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If there is commercial substance to an exchange, the exchange is measured at:

Fair Value. The gain is equal to the old asset's fair value and it's book value. If the fair value was 30 and its book value is 25, the gain is 5.


How does retail inventory method establish lower of cost or market valuation for ending inventory?

By excluding net markdowns from the cost to retail ratio.


Can consolidated financial statements be prepared from a business combination that was accounted for using the acquisition method OR the pooling of interests method?

Yes to both. The pooling of interest method CANNOT be used anymore for business combinations, combinations that happened before that still need to be consolidated.


Does a foreign sub using the local currency as its functional currency has their financials translated or remeasured?



Does a foreign sub using US dollars as its functional currency has their financials translated or remeasured?



Under translation, common stock is translated at the what exchange rate?

The historic exchange rate.


500 shares of 6%, $100 par callable preferred stock are called at $101. The shares were issued at $103 per share. What is the journal entry to record the retirement?

DR preferred stock for 50,000DR PIC-preferred for 1,500CR PIC retirement of preferred for 1,000CR Cash for 50,500


Working capital:

current assets - current liabilities


Acid test:

(cash + net receivables)/current liabilities


Acc Rec turnover:

Sales/ avg net receivables


Inventory turnover:

COGS/ avg inventory


Times interest earned:

EBIT/ interest expense


Return on total assets:

(net income + after-tax interest expense)/ avg total assets


Return on equity:

Net income / avg owners equity


Dividend payout ratio

Common dividends / net income


What are the 2 primary qualitative characteristics?

Relevance and Faithful representation


2 components of relevance:

Predictive value and confirmatory value


3 components of Faithful Representation

Completeness, neutrality, and free from material error


What are the 4 enhancing characteristics?

Comparability, verifiability, timeliness, and understandability


Times interest earned is:

income before interest and income tax over interest expense


What is a central characteristic of a joint venture?

Shared control. None of the participating parties are likely to have unilateral control of the joint venture.


What is the defensive-interval ratio?

The ratio of quick assets to daily operating expenditures. The ratio is showing the length of time in days that the firm can operate with its present liquid resources- so it's a liquidity measure.


Inventory turnover ratio:

COGS/ avg inventory for the period


Where are G/L on remeasurment and translation booked?

Remeasurement is on the income statement, translation go in an equity account. Remeasurement is when the foreign sub's currency is the US dollar. It's translation if the sub's currency is the local foreign currency.


Receivables turnover ratio:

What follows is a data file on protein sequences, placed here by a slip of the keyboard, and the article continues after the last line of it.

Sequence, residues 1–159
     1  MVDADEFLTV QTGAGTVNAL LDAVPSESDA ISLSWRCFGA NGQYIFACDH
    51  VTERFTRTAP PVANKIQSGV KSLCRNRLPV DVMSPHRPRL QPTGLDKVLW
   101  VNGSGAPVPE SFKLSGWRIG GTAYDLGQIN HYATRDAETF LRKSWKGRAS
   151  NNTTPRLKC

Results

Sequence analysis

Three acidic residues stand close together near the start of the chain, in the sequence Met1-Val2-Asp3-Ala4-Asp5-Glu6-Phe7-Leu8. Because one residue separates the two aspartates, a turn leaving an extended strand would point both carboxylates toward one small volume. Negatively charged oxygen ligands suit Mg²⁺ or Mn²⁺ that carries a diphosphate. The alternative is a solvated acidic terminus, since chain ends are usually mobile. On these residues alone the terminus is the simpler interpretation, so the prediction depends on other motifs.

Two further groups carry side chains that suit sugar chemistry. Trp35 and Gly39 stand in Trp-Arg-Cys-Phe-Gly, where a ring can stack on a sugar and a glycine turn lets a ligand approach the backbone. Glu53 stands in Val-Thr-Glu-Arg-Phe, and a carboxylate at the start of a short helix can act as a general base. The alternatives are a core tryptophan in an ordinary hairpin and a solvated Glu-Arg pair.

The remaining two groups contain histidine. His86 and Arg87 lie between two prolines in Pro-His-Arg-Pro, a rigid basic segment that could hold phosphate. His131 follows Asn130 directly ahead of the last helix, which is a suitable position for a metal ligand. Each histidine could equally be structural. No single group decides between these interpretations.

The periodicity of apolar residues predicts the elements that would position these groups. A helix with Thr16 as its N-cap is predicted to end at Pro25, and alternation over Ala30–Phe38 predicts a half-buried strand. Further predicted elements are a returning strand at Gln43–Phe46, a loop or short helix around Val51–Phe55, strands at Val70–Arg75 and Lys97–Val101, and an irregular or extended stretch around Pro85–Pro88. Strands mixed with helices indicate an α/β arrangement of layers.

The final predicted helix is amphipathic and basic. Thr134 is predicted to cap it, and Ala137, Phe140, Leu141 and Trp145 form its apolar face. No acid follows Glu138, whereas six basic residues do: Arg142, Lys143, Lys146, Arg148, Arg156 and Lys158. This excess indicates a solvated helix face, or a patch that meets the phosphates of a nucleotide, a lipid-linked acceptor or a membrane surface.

Net sales / avg net accounts receivable


What statements are usually included in personal financial statements?

A statement of financial condition and a statement of changes in net worth.


If a donation is conditional, how should it be accounted for?

As a refundable advance.


For donation of specialized services to a nonprofit, at what value should they be recognized?

Fair value.


For a NP, are contributions spread over a few years restricted or non restricted?

The contribution in the current year is non restricted(unless it comes with an actual restriction), and the contributions for future years are recognized at present value and are RESTRICTED.


When are the payments for an "Annuity Due" made?

At the beginning of each period.


How is a lease payment calculated when the lease payments are due at the beginning of the period?

You divide the FAIR VALUE of the leased equipment by the ANNUITY DUE rate.


What is the journal entry at the inception of a capital lease and the payments are due at the beginning of each period?

DR: Leased asset for its fair value amountCR: Lease Liability for plug amountCR: Cash for the payment amount


How do you calculate the interest expense at the end of the year on a capital lease with payments at the beginning of the period? What is the journal entry?

You multiply the remaining lease liability amount by the interest capitilization rate.DR: Interest expenseCR: Lease liability


How does the LESSOR in a capital lease determine the amount of Lease Receivable?

Multiply the payment by the number of payments.


What is the journal entry by the LESSOR for a capital lease with payments at the beginning of each period?

DR: Lease receivableDR: Cash for the payment amountDR: COGS for the book value amountCR: Unearned interest for the lease rec amount MINUS the BVCR: Equipment for BV amountCR: Sales for the FV amount


Working capital formula

current assets - current liabilities


Acid test formula

(cash + net receivables) / current liabilities


Acc Rec turnover formula

Sales / avg net receivables


Inventory turnover

COGS / avg inventory


Avg collection period for acc receivable?

Net credit sales / avg net acc receivable.... then you divide 365 by that number


What financial statements are required for the Governmental funds?

1)Balance sheet and 2) Statement of revenues, expenditures, and changes in fund balance


What statements are required for the Proprietary funds?

1)Statement of Net Postition2)Statement of revenues, expenditures, and changes in net position3)Statement of cash flows


What statements are required for the fiduciary funds?

1)Statement of net position2)Statement of changes in fiduciary net positiion


Which fund type does the government-wide financials EXCLUDE that are included on the CAFR?

Fiduciary funds.